I work in a DevOps role and mainly write glue code and OS-level automation. I've rarely needed to deviate from existing language implementations or "reinvent the wheel" in the small programs I've written.

What is the advantage of creating a "manual" implementation of an algorithm, i.e. merge sort, than using a language's builtin implementation if it exists? For example in Python, sort() is a very fast way to sort a list in place. At what point does it make sense to abandon sort() and write my own implementation of a sort algorithm?


You should stick to builtins and the standard library, or possibly other libraries, and avoid writing your own algos as far as possible. The built-in stuff is likely to be faster, and likely to have fewer bugs than whatever you could write. This works fine until the assumptions of the standard library break down in your use case.

For example, you might have some data type where radix sort would be efficient, but comparison-based sorts would not. Or your data might be so large that it doesn't fit into memory. In such scenarios, rolling your own sorting algorithm could make sense. But you will not encounter such scenarios when doing DevOps stuff in Python.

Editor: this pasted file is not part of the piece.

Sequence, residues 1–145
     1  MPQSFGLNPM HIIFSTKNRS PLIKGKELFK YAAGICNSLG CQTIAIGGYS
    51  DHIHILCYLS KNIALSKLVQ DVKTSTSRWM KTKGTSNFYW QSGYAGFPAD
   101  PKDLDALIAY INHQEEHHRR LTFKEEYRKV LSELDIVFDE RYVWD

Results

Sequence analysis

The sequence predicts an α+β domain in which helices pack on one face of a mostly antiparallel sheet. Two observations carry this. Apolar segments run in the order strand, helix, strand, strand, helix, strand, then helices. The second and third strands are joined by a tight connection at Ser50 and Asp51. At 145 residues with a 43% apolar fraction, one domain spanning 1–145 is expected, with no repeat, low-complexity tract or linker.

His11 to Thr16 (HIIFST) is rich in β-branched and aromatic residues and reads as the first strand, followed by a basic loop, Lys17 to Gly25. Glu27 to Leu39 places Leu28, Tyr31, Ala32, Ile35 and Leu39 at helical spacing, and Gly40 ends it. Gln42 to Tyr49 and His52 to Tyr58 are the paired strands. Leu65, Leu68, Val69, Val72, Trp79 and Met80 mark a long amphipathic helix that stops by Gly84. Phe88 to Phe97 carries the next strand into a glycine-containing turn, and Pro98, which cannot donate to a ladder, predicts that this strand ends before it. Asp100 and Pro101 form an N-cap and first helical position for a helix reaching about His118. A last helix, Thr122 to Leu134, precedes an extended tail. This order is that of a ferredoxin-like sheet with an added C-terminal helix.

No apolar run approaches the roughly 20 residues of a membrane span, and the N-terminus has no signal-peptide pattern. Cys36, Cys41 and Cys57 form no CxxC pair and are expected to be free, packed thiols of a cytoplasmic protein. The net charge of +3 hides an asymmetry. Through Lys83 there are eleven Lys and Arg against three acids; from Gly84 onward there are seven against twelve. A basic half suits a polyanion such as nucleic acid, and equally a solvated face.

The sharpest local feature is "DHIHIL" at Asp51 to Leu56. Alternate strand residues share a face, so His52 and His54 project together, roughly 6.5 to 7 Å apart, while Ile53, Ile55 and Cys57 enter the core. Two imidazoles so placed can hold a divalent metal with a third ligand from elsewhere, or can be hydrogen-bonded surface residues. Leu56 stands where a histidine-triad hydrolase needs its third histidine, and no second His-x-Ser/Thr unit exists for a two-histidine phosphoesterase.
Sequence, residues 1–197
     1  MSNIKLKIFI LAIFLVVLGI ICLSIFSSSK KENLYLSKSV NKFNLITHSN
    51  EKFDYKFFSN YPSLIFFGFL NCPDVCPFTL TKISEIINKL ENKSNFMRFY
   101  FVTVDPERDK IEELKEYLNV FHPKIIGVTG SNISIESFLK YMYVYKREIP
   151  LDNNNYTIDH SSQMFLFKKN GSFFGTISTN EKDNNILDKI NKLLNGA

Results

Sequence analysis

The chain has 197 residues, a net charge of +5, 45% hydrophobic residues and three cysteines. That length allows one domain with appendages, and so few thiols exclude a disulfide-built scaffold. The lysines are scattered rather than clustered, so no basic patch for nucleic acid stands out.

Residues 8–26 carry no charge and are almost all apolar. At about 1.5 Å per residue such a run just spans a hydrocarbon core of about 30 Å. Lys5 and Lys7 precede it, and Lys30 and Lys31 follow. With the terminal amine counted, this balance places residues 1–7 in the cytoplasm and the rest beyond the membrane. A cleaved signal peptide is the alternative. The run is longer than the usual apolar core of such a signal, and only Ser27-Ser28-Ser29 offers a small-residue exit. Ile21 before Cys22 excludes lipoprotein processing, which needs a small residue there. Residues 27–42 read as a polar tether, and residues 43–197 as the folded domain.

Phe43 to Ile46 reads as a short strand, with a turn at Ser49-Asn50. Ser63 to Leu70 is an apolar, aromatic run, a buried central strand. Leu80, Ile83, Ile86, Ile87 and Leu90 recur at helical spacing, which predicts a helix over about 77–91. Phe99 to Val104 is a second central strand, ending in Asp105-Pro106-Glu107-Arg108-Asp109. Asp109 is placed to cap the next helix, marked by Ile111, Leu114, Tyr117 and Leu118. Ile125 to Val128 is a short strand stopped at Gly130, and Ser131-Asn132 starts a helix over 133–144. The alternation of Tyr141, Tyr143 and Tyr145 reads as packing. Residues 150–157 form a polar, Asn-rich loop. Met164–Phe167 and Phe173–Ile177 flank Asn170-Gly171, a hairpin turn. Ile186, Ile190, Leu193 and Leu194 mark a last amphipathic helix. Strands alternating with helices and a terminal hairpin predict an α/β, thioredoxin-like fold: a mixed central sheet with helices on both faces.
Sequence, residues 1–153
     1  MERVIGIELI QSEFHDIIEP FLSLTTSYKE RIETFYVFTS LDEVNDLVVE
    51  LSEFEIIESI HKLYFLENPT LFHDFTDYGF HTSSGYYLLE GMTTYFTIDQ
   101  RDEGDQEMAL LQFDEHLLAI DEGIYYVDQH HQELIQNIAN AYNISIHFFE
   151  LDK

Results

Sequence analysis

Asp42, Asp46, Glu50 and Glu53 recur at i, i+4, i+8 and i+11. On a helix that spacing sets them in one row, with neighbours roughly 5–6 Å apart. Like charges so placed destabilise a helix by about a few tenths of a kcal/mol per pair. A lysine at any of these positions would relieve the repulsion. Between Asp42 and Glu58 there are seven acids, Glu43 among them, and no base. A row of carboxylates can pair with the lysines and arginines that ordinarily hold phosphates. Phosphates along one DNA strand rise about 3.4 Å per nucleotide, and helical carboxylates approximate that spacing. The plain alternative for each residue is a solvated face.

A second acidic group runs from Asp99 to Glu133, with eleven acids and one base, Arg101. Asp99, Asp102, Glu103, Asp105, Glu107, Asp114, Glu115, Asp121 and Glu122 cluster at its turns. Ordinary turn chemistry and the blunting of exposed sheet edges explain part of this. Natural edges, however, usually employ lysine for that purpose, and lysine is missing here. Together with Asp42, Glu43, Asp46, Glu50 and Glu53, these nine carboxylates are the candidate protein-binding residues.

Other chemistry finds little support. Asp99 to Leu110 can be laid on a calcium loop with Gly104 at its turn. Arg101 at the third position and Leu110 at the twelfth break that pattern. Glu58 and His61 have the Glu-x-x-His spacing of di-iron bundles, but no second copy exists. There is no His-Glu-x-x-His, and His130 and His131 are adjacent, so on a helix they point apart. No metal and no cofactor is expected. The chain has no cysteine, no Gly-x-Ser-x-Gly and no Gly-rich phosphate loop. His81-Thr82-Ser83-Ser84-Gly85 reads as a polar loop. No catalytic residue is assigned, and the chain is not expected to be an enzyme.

A scenario that I encountered where a standard library was insufficient is the hash table in C++. It provides very strong guarantees, but those guarantees require overhead. Too much overhead for my performance envelope – I collected experimental data on this. So, I wrote my own hash table that only does what I need. My implementation can also make strong assumptions about the distribution and layout of the data. The result was much, much faster. But beware: while DIY data structures are feasible in C++, the Python language makes it essentially impossible to outperform built-in functions and types.

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